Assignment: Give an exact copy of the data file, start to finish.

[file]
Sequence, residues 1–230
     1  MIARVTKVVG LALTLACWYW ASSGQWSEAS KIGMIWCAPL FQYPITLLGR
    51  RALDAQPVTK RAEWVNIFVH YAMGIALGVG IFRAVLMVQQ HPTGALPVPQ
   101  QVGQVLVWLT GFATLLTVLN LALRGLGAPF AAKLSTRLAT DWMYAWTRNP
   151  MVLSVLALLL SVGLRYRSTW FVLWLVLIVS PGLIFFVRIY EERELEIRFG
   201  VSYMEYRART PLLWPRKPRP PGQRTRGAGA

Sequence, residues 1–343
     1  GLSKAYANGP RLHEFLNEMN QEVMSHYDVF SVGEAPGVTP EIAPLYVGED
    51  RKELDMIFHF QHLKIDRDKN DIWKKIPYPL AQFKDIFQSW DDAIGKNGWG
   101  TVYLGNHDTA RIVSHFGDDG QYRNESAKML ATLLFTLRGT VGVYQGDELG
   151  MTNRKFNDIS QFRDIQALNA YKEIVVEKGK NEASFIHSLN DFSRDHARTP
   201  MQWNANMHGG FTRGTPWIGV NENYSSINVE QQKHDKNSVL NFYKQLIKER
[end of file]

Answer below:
Sequence, residues 1–230
     1  MIARVTKVVG LALTLACWYW ASSGQWSEAS KIGMIWCAPL FQYPITLLGR
    51  RALDAQPVTK RAEWVNIFVH YAMGIALGVG IFRAVLMVQQ HPTGALPVPQ
   101  QVGQVLVWLT GFATLLTVLN LALRGLGAPF AAKLSTRLAT DWMYAWTRNP
   151  MVLSVLALLL SVGLRYRSTW FVLWLVLIVS PGLIFFVRIY EERELEIRFG
   201  VSYMEYRART PLLWPRKPRP PGQRTRGAGA

Sequence, residues 1–343
     1  GLSKAYANGP RLHEFLNEMN QEVMSHYDVF SVGEAPGVTP EIAPLYVGED
    51  RKELDMIFHF QHLKIDRDKN DIWKKIPYPL AQFKDIFQSW DDAIGKNGWG
   101  TVYLGNHDTA RIVSHFGDDG QYRNESAKML ATLLFTLRGT VGVYQGDELG
   151  MTNRKFNDIS QFRDIQALNA YKEIVVEKGK NEASFIHSLN DFSRDHARTP
   201  MQWNANMHGG FTRGTPWIGV NENYSSINVE QQKHDKNSVL NFYKQLIKER